Wednesday, May 28, 2008

New Evidence

The hallmark of intelligence is changing your mind when confronted with new information.

One researcher understands that simple principle, as pointed out by the Freakonomics blog.

Read the article and then think about how hard it is for most people to admit that they were wrong. In the comments section, write a paragraph about someone who admirably changed his or her mind. The topic doesn't matter - please analyze how new information led them to a new conclusion and why the chnage of mind was a good thing.

35 comments:

GiveAndySome said...

So there we were, deep in the basement of the gigantic complex where the terrorists had planted their nerve gas bomb. Rutherford B Hayes and I had only 20 pulse pounding seconds to disarm it.
"It's the red one. It's always the red one." yelled Hayes.
"You fool," I replied "that's just what the terrorists want you to think. Cut the green one!"
We had only 10 seconds left. Hayes was about to cut the red wire. Then I remembered that Mr.Tueting told us if we were ever in this situation we should just shoot the bomb.
"Wait Hayes! We're both wrong!"
So we shot the bomb and all the little childrens of the world were saved.
You're welcome.

Atomic Dead Head said...
This comment has been removed by the author.
Atomic Dead Head said...

Nobody likes to admit they were wrong (except for the United States government, who'll shoot you then give you a casino) and our national role models have not exactly been paragons of adaptive thinking (George W. just admitted that there might be such a thing as global warming). Still, in the case of politics, the idiot masses tend to see any hesitance as a sign of weakness. 300 would not have been nearly as cool if king Leo had refrained from supermanning that ho into the bottomless pit (by the way, where is the "bottomless pit of Sparta," I can't find it on google earth).

In 1995 George Lucas was hanging out, playing with his action figures, when the mood struck him to produce another Star Wars sequel. "What should I do?" thought George, "Why, I should stick to the magic of the first three movies, with characters and plot devices pirated from old westerns and samurai flics!" George went to sleep with convoluted family trees and epic star-chases percolating through his head. When he awoke the next morning, something had changed within him, "forget all the gunfights and clone wars," said the new George "What I need is a lizard on ecstacy." And so Jar-Jar Binks was born.

ryanryanryann said...

Admitting that you are wrong, is embarrassing, because as soon as you have admitted it, people jump on you and make jokes; not cool. Changing minds also usually is called being a hypocrit, also not always true. Maybe I'm wrong, my head is a bit fuzzy from waking up so early for my presentation..but Lincoln was pragmatic (good word choice? no?) about the slavery issue during the civil war and changed his mind about abolitionism but really he just got new information and changed his mind. Which does not make him hypocritical.

Matt said...

No one likes to be wrong, but as an intelligent person, one must realize that unless you change your mind and accept the new facts, you will only make yourself look like an idiot who doesn't want to deal with confronting the possibility of being wrong.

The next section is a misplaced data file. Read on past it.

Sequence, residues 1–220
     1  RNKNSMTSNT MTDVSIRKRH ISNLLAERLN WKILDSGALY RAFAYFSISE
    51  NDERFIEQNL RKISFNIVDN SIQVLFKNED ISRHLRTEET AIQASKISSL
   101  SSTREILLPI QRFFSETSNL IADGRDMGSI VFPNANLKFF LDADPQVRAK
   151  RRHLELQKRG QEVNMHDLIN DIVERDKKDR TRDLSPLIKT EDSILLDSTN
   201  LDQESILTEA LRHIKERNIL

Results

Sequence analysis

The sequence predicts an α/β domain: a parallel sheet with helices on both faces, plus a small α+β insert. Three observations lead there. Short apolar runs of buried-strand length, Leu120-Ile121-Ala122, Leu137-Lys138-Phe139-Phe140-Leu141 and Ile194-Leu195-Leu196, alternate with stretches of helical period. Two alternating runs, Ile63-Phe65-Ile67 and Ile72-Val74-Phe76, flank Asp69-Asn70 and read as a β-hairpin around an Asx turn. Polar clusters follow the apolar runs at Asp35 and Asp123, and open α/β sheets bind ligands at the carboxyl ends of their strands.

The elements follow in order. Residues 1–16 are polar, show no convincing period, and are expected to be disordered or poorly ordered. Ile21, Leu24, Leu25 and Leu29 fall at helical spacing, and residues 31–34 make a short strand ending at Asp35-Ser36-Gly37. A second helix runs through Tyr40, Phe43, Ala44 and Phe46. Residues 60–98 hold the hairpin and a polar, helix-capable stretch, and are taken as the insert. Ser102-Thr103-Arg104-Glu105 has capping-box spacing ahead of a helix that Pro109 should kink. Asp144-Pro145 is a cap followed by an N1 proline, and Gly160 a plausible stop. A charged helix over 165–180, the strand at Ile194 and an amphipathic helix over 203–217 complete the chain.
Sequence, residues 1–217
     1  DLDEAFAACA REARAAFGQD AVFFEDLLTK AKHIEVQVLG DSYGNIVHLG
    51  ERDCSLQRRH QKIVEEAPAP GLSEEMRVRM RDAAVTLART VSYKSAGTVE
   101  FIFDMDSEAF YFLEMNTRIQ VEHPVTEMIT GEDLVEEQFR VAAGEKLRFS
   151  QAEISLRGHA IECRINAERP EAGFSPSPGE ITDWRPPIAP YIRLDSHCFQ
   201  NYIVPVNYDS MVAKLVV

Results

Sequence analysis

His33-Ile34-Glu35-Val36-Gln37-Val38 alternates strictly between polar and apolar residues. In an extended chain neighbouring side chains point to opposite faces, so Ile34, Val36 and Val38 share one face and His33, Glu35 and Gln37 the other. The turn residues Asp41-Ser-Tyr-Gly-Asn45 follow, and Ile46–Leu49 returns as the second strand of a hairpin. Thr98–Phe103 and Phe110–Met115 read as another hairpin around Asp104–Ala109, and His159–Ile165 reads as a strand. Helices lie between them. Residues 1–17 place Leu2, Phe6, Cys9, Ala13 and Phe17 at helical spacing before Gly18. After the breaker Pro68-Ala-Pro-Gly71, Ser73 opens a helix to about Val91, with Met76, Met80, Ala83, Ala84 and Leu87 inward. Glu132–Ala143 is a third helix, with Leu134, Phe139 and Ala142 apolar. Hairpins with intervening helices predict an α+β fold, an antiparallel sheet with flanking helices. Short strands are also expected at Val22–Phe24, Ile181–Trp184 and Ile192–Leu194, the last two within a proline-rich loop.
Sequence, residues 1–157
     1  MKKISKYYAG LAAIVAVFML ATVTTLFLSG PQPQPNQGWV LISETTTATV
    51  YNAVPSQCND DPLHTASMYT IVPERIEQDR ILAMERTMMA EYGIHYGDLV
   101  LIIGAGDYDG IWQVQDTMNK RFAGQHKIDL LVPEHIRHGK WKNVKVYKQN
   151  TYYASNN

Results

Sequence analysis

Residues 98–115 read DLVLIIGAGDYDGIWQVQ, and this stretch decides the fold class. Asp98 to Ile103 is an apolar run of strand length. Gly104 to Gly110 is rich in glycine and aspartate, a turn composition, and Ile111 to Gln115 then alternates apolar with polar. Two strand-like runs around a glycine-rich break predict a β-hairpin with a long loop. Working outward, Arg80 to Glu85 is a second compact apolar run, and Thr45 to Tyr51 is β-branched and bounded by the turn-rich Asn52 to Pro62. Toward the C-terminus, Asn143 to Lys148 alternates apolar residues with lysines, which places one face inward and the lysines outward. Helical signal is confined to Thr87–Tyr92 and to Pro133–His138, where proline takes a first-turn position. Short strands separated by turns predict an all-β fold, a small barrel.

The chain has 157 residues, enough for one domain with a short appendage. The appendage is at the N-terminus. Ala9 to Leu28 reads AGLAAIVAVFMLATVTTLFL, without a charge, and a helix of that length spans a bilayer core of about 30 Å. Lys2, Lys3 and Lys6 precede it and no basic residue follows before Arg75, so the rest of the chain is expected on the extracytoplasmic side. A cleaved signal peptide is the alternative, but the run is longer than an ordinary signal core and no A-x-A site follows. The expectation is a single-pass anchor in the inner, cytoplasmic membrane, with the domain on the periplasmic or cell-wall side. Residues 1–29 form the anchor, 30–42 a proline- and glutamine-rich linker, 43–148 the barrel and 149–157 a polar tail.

One example:
In Pirates of the Carribean, Will sees Elizabeth kissing Jack and is like WOAH THERE! My woman betrayed me! but then later on in the movie he is given new information and learns that she is really just luring him into a death trap, so he changes his mind and all is well once again.

funnyfaith said...

Admitting that you are wrong is one of the hardest things to do because everyone wants to win and be right. A lot of times we hear about being right or wrong when it comes to what is good or bad for the environment. However, people that are willing to change their minds about a situation and receiving new information are leaders. For example when Malcolm X started his groups to get equality for African-Americans he was very intolerant of other races such as white people. But, after he took a trip to Mecca, he became less radical in his teachings and taught that hate wasn't the answer. His teachings from the beginning of his life to the end of his life were different.

agent gregg said...

Well, I hate to sound self-centered here but I thought and thought and only one story came to mind, and it was about me. When I was little, I liked hot dogs, like every other kid in America. But I didn't like them with any condiments, or at least I thought I didn't. So one day a friend of mines dad took us to Checkers, and I wanted a hot dog. But the hot dogs came with ketchup and mustard. So after getting talked into having a hot dog anyway, I found out that I like hot dogs with condiments, which is a good thing because we can all use more foods on our lists of yummy stuff to eat.

tinytim said...

First of all, I'm never wrong, so this doesn't really pertain to me. Now I will humor your and think of an example. In Remember the Titans (my favorite movie), Gary doesn't like Julius because he's black. He says that he "don't respect no one, man." Julius responds by saying that he must earn respect to get it. Anyways, later on in the movie, Gary realizes that Julius is a good guy and vice versa. They were presented with new, first-hand information and made there own judgments not based on prejudice. Good movie.